On Tue, 2011-11-01 at 18:15 +1000, Nick Coghlan wrote:
On Tue, Nov 1, 2011 at 4:27 PM, Terry Reedy email@example.com wrote:
I believe raise just instantiates the indicated exception. I expect that Exception.__new__ or .__init__ captures the traceback info. Subclasses can add more. A SuspendExecution exception should be able to grab as much as is needed for a resume. A CAPI call could be added if needed.
No, the traceback info is added by the eval loop itself. Remember that when you raise an exception *type* (rather than an instance), the exception doesn't get instantiated until it gets caught somewhere - the eval loop maintains the unwinding stack for the traceback as part of the thread state until it is time to attach it to the exception object.
This is all at the tail end of the eval loop in CPython, but be warned it's fairly brain bending stuff that depends on various internal details of the eval loop: http://hg.python.org/cpython/file/default/Python/ceval.c#l2879
Thanks for the link, I've been trying to get my brain bent around it, but, yes it is hard to understand how it all ties together.
This morning I had a thought and maybe it may lead somewhere...
Would it be possible to rewrite the 'yield' internals so they work in the following way...
# a = yield b try: raise SuspendException(b, _self=_self) Except ContinueException as exc: a = exc.args
# b = gen.send(a) def send(gen, a=None): try: gen.throw(ContinueException(a)) except SuspendException as exc: (gen, *b) = exc.args return b
The two requirements for this to work are...
*A SuspendException needs to be able to pass out of the generator without causing it to stop.
*A throw needs to be able to work where the SuspendException was raised.
The next issue after that is how to allow a subclass of SuspendException to get pass the next() or .send() caller. A subclassed SuspendException would still be caught by 'except SuspendException as exc'. This is needed as a scheduler or other outer framework sits outside the scope the generator is *called in.
*Exceptions work in the callers frame rather than the defining scope. That's an important feature as it will allow coroutines much more freedom to be used in different contexts.
What this does is give the non_local symantics you mentioned earlier.
I hope you keep looking at this idea. Function calls stop execution and pass control 'down', to be resumed by return. yield stops execution and passes control 'up', to be resumed by next (or .send). Exceptions pass control 'up' (or 'out') without the possibility of resuming. All that is lacking is something to suspend and pass control 'sideways', to a specific target. A special exception makes some sense in that exceptions already get the call stack needed to resume after suspension.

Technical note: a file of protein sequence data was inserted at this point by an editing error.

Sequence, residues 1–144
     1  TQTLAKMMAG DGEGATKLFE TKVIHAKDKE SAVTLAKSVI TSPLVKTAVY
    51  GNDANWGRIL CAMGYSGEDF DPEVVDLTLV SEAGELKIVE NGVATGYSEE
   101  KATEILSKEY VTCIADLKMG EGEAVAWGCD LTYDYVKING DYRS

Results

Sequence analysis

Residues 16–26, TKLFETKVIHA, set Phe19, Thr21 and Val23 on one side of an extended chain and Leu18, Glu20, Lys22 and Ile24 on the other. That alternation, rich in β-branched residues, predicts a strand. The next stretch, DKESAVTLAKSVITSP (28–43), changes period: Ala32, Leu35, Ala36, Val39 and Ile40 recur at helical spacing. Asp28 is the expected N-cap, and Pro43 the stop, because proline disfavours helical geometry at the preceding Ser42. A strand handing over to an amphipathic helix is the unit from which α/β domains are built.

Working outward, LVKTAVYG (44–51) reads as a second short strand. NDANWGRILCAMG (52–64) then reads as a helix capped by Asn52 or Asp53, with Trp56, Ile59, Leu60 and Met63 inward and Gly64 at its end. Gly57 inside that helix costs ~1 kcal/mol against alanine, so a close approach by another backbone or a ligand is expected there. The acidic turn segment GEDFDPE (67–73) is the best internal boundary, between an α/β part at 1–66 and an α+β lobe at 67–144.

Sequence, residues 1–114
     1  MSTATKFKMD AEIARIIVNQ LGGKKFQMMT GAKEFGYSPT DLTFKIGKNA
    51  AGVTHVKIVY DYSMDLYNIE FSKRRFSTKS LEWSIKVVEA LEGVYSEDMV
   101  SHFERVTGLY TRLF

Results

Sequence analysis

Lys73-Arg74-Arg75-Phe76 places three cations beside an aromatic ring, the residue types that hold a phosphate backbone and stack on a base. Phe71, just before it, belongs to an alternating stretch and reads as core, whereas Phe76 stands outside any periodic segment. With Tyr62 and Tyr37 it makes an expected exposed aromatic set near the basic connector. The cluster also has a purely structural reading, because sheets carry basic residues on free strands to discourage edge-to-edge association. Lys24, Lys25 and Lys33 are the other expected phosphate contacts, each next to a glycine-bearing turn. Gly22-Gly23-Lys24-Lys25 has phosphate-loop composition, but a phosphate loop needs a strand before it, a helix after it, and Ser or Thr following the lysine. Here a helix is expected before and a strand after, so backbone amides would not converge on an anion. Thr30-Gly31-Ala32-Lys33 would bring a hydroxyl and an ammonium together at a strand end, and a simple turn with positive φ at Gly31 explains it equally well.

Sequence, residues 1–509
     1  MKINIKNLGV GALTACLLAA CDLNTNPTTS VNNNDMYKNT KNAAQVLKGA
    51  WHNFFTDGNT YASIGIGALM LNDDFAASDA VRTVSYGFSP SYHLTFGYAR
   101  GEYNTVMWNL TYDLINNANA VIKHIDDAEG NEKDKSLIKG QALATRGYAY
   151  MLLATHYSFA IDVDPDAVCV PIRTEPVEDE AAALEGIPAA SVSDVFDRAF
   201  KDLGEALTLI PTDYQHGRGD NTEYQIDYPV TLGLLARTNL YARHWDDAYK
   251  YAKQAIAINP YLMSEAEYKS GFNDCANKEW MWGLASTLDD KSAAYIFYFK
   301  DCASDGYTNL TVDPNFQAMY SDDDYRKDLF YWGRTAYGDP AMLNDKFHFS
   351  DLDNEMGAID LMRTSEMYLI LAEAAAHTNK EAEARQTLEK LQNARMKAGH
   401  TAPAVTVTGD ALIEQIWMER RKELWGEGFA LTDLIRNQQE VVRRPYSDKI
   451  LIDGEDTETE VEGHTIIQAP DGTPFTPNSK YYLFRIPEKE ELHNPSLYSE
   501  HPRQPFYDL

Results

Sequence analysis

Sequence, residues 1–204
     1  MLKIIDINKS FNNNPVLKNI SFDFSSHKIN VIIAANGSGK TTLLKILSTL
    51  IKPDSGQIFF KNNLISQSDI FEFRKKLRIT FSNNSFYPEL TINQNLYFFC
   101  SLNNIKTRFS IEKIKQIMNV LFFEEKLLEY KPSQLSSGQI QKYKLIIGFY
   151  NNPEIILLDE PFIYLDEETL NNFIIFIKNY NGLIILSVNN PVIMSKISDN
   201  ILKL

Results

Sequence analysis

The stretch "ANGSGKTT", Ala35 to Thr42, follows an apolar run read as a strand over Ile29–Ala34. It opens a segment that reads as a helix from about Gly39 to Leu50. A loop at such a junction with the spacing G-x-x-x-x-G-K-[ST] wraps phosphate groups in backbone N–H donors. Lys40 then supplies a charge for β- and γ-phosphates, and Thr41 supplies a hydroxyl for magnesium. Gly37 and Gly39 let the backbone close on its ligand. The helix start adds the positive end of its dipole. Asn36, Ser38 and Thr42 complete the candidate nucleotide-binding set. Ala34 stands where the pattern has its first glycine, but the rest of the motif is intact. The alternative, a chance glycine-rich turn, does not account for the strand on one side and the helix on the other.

That's not actually true - due to the need to process exception handling clauses and finally blocks (including the implicit ones inside with statements), the internal state of those frames is potentially no longer valid for resumption (they've moved on beyond the point where the internal function was called).
I'll also note that it isn't necessary to pass control sideways, since there are two different flavours of coroutine design (the PDF article in the other thread describes this well). The Lua version is "asymmetric coroutines", and they only allow you to return to the point that first invoked the coroutine (this model is a fairly close fit with Python's generators and exception handling). The greenlet version is "symmetric" coroutines, and those let you switch directly to any other coroutine.
Both models have their pros and cons, but the main advantage of asymmetric coroutines is that you can just say "suspend this thread" without having to say *where* you want to switch to. Of course, you can implement much the same API with symmetric coroutines as well, so long as you can look up your parent coroutine easily. Ultimately, I expect the symmetric vs asymmetric decision will be driven more by implementation details than by philosophical preferences one way or the other.
I will note that Ron's suggestion to leverage the existing eval loop stack collection provided by the exception handling machinery does heavily favour the asymmetric approach. Having a quick look to refresh my memory of some of the details of CPython's exception handling, I've come to the following tentative conclusions:
- an ordinary exception won't do, since you don't want to trigger
except and finally blocks in outer frames (ceval.c#2903)
- in CPython, a new "why = WHY_SUSPEND" at the eval loop layer is
likely a better approach, since it would allow the frame stack to be collected without triggering exception handling
- the stack unwinding would then end when a "SETUP_COCALL" block was
encountered on the block stack (just as SETUP_EXCEPT and SETUP_FINALLY can stop the stack unwinding following an exception
- with the block stacks within the individual frames preserved, the
collected stack should be in a fit state for later restoration
- the "fast_yield" code and the generator resumption code should also
provide useful insight
There's nothing too magical there - once we disclaim the ability to suspend coroutines while inside a C function (even one that has called back in via the C/Python API), it should boil down to a combination of the existing mechanics for generators and exception handling. So, even though the above description is (highly) CPython specific, it should be feasible for other implementations to come up with something similar (although perhaps not easy: http://lua-users.org/lists/lua-l/2007-07/msg00002.html).